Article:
The bombing was the most deadly in a decade to hit Peshawar, a restive northwestern city near the Afghan border, and all but three of those killed were police, making it most suffered by Pakistan’s security forces in a single attack in recent history.
The bomber struck on Monday as hundreds of worshippers gathered for noon prayers in a mosque that was purpose built for the police and their families living in a highly fortified area.
“We have found some excellent clues, and based on these clues we have made some major arrests,” Peshawar Police Chief Ijaz Khan told Reuters.
“We can’t rule out internal assistance but since the investigation is still in progress, I will not be able to share more details.”
Investigators, who include counter-terrorism and intelligence officials, are focusing on how the attacker managed to breach the military and police checkpoints leading into the Police Lines district, a colonial-era, self-contained encampment in the city center that is home to middle- and lower-ranking police personnel and their families.
Defense Minister Khawaja Asif had said the bomber was in the first row in the prayer hall when he struck. Remains of the attacker had been recovered, provincial Police Chief Moazzam Jah Ansari told Reuters.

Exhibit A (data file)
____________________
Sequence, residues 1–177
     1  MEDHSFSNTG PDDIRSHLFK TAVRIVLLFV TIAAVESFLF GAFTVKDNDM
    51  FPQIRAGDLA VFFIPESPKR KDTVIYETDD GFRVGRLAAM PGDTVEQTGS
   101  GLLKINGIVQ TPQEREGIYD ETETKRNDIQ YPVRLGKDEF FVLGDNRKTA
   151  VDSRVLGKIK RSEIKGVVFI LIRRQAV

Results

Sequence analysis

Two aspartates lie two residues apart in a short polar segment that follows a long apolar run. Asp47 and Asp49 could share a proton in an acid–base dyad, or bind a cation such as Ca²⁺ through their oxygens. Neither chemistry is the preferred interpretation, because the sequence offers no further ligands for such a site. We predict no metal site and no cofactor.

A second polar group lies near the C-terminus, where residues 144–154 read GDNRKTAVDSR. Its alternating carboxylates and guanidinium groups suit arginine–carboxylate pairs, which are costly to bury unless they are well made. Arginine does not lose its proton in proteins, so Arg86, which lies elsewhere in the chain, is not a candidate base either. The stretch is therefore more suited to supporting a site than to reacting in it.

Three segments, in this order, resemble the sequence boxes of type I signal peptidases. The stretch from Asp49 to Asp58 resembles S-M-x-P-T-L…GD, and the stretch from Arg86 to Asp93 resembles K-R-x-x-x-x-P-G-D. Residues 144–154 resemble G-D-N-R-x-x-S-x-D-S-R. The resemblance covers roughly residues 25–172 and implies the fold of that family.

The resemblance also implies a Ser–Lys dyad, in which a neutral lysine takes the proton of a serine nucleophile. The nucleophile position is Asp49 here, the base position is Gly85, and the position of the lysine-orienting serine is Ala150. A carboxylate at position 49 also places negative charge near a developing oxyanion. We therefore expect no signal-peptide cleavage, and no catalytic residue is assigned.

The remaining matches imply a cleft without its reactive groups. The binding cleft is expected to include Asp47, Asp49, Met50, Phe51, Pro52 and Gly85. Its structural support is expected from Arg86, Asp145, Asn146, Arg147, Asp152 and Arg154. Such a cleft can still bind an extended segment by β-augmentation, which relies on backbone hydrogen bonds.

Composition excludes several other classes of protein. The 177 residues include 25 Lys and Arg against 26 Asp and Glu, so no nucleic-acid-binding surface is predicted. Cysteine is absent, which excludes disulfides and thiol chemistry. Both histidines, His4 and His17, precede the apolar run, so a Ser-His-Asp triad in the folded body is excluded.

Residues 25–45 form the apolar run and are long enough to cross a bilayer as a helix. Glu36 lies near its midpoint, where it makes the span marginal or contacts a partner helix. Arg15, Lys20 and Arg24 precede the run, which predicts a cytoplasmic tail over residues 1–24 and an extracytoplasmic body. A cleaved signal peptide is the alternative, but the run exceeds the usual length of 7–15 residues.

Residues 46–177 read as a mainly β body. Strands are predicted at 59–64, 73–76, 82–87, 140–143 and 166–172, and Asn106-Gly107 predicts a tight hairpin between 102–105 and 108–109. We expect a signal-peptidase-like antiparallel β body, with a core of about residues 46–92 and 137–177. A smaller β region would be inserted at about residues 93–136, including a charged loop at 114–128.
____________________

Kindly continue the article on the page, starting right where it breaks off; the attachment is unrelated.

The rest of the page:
“We believe the attackers are not an organized group,” he added.
The most active militant group in the area, the Pakistani Taliban, also called Tehreek-e-Taliban Pakistan (TTP), has denied responsibility for the attack, which no group has claimed so far. Interior Minister Rana Sanaullah had told parliament a breakaway faction of the TTP was to blame.
The blast demolished the upper story of the mosque. It was is the deadliest in Peshawar since twin suicide bombings at All Saints Church killed scores of worshippers in September 2013, in what remains the deadliest attack on the country’s Christian minority.
Peshawar sits on the edge of the Pashtun tribal lands, a region mired in violence for the past two decades.
The TTP is an umbrella group for Sunni and sectarian Islamist factions opposed to the government in Islamabad. The group has recently stepped up attacks against police.


US readies over $2 billion Ukraine aid package with longer-range weapons

US readies over $2 billion Ukraine aid package with longer-range weapons
Updated 01 February 2023

US readies over $2 billion Ukraine aid package with longer-range weapons

US readies over $2 billion Ukraine aid package with longer-range weapons
  • The aid is expected to be announced as soon as this week

WASHINGTON: The United States is readying more than $2 billion worth of military aid for Ukraine that is expected to include longer-range rockets for the first time as well as other munitions and weapons, two US officials briefed on the matter told Reuters on Tuesday.
The aid is expected to be announced as soon as this week, the officials said. It is also expected to include support equipment for Patriot air defense systems, precision-guided munitions and Javelin anti-tank weapons, they added.
One of the officials said a portion of the package, expected to be $1.725 billion, would come from a fund known as the Ukraine Security Assistance Initiative (USAI), which allows President Joe Biden’s administration to get weapons from industry rather than from US weapons stocks.